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Hail damage across High Plains being evaluatedHail damage across High Plains being evaluated

When assessing damage in cotton, research has shown that a population as low as 20,000 plants per acre can partially compensate for the reduced stand, although this will vary with the degree of damage.

Kay Ledbetter

July 7, 2017

4 Min Read
Corn stalks shredded by a hail storm July 2-3 likely will not recover, according to Texas A&M AgriLife Research officials.(Texas A&M AgriLife photo by Dr. Qingwu Xue)

Everything from mature wheat awaiting harvest to growing fields of cotton, corn, sorghum, sunflowers and vegetables have been shredded to varying degrees by waves of hail storms across the High Plains and South Plains of Texas, affecting many acres of crops as recently as July 4. Hailstones ranged from pea- to golf ball-size, according to the Texas A&M AgriLife Extension Service reports.

“For all crops, it is best to be patient and assess damage several days after the storm,” said Dr. Jourdan Bell, AgriLife Extension agronomist in Amarillo. “Although at this time, it appears the biggest losses are in cotton.”

Much of the cotton hit by hail may suffer significant yield loss, Bell said.

“We have plots on the Bushland research station where we lost all of the leaves and the terminal is damaged. Because we do not have sufficient growing season left for a full recovery, these plots are a full loss in our region.”

Forage and grain sorghum in earlier vegetative growth stages will most likely recover with minimal yield loss, she said. Especially for grain sorghum, yield losses are reduced when the growing point is below the soil surface.

Corn’s growing point is below ground until the plant reaches the six-leaf stage, Bell said. When the growing point moves above the soil surface, the plant is more susceptible to hail damage. The growing point is the area in the stem where the leaves and the tassel initiate.

Related:Northeast Texas wheat crop disappointing; summer crops are promising


When assessing damage in cotton, research has shown that a population as low as 20,000 plants per acre can partially compensate for the reduced stand, although this will vary with the degree of damage, she said.

If Panhandle producers decide to replant, Bell said they will need to evaluate the optimum planting dates for crops such as sunflowers and grain sorghum because early July is generally the last planting date. Silage might be an option for the damaged corn crop for producers located close to dairies and feedyards, but will depend on contract availability.

“If you are considering replanting with sorghum, you will need an early maturing hybrid to finish before the freeze in the fall here in the Panhandle,” she said. “Generally, the week of July 4 is considered the last planting date for early maturing grain sorghum in the Panhandle region due to the risk of the crop not maturing before a freeze.”

Dr. Ed Bynum, AgriLife Extension entomologist in Amarillo, said producers planting grain sorghum need to be aware the sugarcane aphid will still be a concern in late-planted sorghum.

Bell said producers also need to consider the herbicides they used in cotton when considering their cropping rotation.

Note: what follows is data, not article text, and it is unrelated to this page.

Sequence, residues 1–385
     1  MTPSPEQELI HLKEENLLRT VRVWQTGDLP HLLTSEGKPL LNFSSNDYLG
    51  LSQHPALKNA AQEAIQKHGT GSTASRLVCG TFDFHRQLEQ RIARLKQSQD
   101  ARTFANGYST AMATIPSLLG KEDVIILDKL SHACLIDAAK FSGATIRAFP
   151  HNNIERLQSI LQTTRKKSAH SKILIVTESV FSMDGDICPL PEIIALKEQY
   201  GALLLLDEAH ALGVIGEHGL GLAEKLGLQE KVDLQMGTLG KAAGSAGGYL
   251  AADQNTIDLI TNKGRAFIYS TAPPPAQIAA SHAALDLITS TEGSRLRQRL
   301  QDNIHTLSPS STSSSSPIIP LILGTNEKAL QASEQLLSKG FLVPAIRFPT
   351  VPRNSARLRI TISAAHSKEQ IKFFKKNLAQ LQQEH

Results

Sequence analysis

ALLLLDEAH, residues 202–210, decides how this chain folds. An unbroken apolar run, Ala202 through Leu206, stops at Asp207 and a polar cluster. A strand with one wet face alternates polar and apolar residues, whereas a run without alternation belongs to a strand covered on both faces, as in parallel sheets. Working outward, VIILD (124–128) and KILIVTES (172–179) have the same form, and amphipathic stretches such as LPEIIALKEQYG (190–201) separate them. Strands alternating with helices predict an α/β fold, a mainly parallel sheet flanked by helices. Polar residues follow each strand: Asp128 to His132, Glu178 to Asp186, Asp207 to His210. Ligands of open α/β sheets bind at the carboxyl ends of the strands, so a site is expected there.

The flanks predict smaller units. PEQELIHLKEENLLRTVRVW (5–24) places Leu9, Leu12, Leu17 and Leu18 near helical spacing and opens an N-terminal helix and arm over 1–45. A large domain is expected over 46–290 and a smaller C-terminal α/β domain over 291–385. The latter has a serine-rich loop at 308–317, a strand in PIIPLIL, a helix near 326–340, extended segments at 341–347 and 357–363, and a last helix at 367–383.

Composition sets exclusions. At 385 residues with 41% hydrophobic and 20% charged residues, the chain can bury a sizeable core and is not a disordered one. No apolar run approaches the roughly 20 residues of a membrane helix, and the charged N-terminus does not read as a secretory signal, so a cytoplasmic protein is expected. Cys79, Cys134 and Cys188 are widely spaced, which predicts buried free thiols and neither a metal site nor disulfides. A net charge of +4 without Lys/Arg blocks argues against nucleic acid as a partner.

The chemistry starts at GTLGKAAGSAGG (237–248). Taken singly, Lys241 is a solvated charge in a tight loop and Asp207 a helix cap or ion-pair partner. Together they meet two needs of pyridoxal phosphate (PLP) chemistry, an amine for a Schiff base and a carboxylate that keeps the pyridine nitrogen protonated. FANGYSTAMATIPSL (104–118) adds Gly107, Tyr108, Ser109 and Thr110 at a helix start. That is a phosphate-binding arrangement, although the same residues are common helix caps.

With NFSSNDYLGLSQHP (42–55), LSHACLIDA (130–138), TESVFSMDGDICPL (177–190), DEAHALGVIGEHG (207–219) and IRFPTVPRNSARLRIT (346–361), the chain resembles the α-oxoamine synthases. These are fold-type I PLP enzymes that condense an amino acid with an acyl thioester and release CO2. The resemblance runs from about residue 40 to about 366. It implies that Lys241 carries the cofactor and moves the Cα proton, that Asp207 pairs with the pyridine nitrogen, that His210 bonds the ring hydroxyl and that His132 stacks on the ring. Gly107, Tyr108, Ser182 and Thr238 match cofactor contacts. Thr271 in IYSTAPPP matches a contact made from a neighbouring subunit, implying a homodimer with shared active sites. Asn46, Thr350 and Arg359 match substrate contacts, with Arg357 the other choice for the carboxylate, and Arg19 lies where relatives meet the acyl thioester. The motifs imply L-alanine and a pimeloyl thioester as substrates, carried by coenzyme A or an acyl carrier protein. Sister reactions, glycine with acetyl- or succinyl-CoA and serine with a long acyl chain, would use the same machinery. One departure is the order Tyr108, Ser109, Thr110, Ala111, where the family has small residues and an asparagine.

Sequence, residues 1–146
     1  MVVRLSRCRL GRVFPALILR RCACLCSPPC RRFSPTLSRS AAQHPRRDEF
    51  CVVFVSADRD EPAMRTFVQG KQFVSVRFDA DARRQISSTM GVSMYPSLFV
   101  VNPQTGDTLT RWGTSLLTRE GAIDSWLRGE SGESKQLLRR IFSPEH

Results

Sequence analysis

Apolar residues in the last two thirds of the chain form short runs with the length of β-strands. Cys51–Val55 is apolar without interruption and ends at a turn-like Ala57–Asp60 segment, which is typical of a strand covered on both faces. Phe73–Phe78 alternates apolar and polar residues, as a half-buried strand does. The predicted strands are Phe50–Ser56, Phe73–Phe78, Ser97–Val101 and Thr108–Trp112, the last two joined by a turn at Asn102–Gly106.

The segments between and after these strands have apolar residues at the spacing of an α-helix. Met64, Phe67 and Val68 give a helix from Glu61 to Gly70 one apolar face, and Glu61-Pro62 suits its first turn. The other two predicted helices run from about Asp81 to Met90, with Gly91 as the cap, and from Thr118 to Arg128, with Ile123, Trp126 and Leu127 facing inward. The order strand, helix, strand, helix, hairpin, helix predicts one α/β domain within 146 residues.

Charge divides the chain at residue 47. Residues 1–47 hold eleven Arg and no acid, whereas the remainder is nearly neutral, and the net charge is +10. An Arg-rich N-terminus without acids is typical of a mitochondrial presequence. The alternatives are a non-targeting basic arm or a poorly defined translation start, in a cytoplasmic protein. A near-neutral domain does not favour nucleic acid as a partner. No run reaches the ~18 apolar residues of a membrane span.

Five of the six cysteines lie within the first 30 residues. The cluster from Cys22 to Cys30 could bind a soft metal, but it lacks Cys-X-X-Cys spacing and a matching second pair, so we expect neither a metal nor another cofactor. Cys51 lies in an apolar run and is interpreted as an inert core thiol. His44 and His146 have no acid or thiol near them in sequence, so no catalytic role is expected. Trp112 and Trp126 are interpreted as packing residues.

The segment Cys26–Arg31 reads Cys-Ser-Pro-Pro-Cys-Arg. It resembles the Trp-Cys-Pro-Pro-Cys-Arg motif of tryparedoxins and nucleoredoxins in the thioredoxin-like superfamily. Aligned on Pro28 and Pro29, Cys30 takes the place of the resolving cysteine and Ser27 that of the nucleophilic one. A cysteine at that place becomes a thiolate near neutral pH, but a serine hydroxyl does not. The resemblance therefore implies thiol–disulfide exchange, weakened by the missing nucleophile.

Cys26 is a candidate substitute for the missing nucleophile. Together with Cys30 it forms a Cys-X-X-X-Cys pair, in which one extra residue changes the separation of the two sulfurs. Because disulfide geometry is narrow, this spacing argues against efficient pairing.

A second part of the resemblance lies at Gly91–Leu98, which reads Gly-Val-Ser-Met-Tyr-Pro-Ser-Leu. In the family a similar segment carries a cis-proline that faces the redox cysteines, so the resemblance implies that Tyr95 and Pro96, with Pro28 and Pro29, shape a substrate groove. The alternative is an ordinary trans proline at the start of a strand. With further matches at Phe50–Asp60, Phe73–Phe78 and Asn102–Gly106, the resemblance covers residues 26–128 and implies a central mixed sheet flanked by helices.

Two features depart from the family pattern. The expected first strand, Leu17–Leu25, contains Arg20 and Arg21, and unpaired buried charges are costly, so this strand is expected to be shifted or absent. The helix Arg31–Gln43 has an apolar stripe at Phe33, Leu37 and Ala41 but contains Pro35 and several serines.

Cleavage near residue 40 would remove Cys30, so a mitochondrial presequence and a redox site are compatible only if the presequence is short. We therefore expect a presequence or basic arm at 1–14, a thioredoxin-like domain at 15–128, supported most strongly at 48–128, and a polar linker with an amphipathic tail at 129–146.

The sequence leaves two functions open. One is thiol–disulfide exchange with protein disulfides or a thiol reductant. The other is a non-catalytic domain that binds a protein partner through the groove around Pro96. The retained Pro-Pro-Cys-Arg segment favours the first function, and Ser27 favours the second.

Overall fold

“We have a lot of late-planted corn that was in vegetative stages of development that will survive with varying degrees of yield loss,” she said. “But some that was planted in early May has reached tassel – tasseling corn will likely be a 100 percent loss if hit by hail because there is no longer a pollen source for fertilization.”

For corn and sorghum, when the crop is still in the vegetative stages, producers are generally not looking at 100 percent crop loss, Bell said. Corn hit before the six-leaf stage will generally recover with less than 10 percent yield loss. For those with more mature corn, yield losses will increase with each advanced leaf stage and leaf loss until tasseling.


“During the later reproductive stages especially after blister, maximum losses due to hail damage are usually less than 75 percent in the most severe cases to less than 10 percent in situations where fewer leaves are lost,” she said.

However, final crop loss will be dependent on the growth stage when the damage occurred, producer inputs and continuing growing-season conditions, Bell said.

“Damage will also depend on the size of the hail,” she said. “Corn hit by small hail that just shreds leaves will recover more quickly with less yield loss than corn hit by larger hail stones that bruise the stalk and make the corn more susceptible to lodging and diseases later in the season.”

After the eight- to nine-leaf stage, significant injury can occur in the development of the ear shoot, Bell said. The growing point is above the soil surface and the developing ear shoots are in the lower regions of the stalk where they are still susceptible to damage from large stones.

“One of the challenges for our corn farmers who have experienced hail damage, ultimately, will be that at the current lower commodity prices, any reduction in yield potential is significantly affecting their very narrow profit margin,” she said.

For more extensive planning, Bell said farmers can access these publications: http://bit.ly/2tIXxks, http://bit.ly/2tJ0K3v, http://bit.ly/2tMvTT7 and http://bit.ly/2tlt6ja.


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